I'm sentimental about puppy licks, a baby's teeny little feet, the scent in the air before the first snow, It's a Wonderful Life, and the first crocus of Spring. I have to say, though, Valentine's Day leaves me cold.
It's a fabricated holiday with no idea of what is being celebrated and no idea of it origins ~ we'll address Hallmark later. St. Valentine could be any of a half dozen Christian martyrs whom the early church recruited to bless pagan fertility festivals. Of the top candidates, the best known is a priest named Valentinus, who was beheaded by Emperor Claudius the Cruel on February 14, 269 AD.
Layers of legend are stacked upon slim evidence that Valentinus performed secret weddings after Claudius banned marriage to prevent soldiers from deserting his armies. Or that Valentinus refused to deny Christ and so was thrown in prison where he healed the jailer's blind daughter, fell in love with her, and left a note for her in the cracks of the wall of his cell before his execution, "From your Valentin.''
Martyrdom may be admirable in a saint ~ but it is an anathema in a relationship in which generosity demands payment through guilt. The celebration that once supported the belief that the first person you spotted on the morning of Feb. 14 would be your mate for life doesn't say much for romance.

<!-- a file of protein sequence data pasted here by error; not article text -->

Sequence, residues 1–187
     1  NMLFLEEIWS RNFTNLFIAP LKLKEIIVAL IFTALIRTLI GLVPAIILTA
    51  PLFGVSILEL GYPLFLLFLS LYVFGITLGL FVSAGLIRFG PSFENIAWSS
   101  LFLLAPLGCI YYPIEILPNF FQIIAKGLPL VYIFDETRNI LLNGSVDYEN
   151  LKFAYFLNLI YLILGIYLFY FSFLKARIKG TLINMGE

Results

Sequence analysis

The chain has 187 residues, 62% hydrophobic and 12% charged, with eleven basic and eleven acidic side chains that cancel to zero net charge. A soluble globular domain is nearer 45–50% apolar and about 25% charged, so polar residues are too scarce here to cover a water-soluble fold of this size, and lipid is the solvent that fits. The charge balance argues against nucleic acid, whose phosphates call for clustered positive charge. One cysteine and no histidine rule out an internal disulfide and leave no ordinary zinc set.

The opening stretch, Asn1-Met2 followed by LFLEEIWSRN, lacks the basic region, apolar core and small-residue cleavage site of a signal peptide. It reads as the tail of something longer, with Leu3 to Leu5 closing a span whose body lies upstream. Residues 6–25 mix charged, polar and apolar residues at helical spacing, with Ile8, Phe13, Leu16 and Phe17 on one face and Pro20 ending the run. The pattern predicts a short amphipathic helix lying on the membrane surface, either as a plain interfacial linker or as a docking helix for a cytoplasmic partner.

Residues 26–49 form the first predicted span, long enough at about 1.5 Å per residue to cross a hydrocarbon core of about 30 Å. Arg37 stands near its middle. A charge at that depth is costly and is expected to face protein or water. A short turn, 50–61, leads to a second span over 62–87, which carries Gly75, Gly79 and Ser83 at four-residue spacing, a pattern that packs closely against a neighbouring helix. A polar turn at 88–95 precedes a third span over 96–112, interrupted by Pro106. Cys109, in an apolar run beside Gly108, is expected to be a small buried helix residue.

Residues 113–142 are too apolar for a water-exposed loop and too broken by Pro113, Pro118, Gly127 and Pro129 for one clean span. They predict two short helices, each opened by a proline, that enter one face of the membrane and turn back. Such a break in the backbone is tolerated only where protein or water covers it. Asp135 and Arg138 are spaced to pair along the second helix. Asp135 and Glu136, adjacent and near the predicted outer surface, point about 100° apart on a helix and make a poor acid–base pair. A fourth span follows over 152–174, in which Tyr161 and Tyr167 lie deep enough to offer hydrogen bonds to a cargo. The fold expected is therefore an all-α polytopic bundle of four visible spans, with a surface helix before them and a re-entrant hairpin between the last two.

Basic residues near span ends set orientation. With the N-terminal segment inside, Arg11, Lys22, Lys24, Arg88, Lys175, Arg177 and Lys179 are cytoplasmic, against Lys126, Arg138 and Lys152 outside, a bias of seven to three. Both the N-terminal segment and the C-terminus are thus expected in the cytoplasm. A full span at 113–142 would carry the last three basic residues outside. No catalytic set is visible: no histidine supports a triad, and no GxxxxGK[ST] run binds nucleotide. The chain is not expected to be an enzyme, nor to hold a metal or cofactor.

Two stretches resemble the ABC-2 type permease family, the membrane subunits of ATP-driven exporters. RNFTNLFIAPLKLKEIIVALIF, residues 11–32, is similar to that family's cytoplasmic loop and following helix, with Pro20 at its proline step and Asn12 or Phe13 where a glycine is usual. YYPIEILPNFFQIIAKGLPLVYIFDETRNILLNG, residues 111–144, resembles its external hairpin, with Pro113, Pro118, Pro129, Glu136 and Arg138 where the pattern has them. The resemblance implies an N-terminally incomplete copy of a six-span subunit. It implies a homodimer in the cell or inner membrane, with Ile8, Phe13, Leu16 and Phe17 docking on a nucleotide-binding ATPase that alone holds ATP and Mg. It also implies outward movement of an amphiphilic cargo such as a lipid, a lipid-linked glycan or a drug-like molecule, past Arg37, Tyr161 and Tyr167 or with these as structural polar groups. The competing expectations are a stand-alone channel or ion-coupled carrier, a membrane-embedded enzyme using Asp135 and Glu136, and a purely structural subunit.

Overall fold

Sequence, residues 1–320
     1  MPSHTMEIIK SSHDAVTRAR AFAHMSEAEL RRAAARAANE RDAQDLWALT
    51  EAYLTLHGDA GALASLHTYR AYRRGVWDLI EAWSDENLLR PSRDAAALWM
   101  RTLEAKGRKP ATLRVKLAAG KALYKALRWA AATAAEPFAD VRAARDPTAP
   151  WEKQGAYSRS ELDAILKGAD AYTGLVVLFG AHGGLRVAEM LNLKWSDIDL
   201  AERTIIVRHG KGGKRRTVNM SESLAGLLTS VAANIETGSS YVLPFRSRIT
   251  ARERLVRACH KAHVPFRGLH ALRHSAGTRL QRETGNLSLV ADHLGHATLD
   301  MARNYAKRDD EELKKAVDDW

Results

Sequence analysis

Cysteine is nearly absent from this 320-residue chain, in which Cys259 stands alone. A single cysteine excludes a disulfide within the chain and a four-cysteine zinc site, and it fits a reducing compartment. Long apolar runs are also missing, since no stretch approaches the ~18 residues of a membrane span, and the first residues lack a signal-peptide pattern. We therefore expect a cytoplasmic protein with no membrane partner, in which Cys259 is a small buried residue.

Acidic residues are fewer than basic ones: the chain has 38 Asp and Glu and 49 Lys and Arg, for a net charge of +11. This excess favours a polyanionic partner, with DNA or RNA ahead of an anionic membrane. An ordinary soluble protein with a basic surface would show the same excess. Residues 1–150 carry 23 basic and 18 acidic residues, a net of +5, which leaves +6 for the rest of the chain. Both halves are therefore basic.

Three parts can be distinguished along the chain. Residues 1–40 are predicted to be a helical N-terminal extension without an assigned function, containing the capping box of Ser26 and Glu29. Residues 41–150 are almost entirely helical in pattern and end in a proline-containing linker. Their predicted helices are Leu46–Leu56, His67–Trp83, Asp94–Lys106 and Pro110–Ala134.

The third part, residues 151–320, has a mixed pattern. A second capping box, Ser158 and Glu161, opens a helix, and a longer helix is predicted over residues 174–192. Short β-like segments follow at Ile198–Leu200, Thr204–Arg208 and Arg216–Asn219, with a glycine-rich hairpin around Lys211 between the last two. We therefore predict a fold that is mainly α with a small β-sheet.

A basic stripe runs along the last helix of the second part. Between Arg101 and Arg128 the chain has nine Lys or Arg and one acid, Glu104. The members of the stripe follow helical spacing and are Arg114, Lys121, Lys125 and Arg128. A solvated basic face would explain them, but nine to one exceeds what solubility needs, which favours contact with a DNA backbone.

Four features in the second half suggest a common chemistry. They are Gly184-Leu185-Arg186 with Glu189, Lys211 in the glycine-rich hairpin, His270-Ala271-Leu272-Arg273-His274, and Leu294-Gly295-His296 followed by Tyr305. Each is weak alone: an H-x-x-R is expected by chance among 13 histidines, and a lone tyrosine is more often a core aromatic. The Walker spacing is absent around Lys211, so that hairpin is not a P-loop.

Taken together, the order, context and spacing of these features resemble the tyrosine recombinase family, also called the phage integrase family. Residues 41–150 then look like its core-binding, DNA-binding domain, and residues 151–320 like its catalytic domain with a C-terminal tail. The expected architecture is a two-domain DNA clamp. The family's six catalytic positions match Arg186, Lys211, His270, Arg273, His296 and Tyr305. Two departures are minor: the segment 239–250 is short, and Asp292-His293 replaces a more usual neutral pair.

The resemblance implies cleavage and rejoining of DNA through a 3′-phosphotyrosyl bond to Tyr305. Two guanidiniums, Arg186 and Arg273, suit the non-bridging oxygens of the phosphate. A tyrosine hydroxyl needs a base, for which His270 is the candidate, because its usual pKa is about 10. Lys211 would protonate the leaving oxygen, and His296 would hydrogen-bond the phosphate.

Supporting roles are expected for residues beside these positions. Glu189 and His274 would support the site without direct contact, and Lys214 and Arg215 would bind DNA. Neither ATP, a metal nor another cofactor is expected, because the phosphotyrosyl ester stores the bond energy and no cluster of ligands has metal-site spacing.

Over the years Valentine became the patron saint of engaged couples and happy marriages, but also of beekeepers and, of course, greeting-card manufacturers. Does this mean 'Love' comes with a sting? It certainly comes with a price tag as the holiday is ramped up each year.
At an early age children are expected to bring a valentine for every classmate, declaring liarly love and affection for each and all. Unlike the days of our youth, when teachers would collect the cards in a big doilly decorated box and call out names one by one, giving a public accounting of exactly how many friends each child actually had. Darwinian devastastion ruled. Tipping the scale in the other direction is the idea of children celebrating a holiday that shimmies into view wearing a naughty nightie and edible underwear.
I guess we can't ignore the huge commercial stakes: "The tradition of sending and receiving classroom valentines is often a child's first experience with greeting cards" ~ observed by American Greetings, which owns a $1.8+ billion dollar piece of the social expression industry. How's THAT for an introduction to Hallmark?
A billion cards are sent every year, second only to Christmas, and 85% of them by women (what's wrong with this picture?) For this we can thank Esther Howland, an entrepreneurial 1847 Mount Holyoke grad, whose father owned a stationery store. She came up with the idea of mass-producing "valentine cards" to amp up mid-winter stationary sales. Esther was a great saleswoman and although she never married, she did get very rich. Go Esther!
The Howland family operated the largest book and stationery store in Worcester, Massachusetts. As a student at The Mount Holyoke Female Seminary, Esther received an elaborate English Valentine from one of her fathers' business associates and was confident she was capable of making better ones.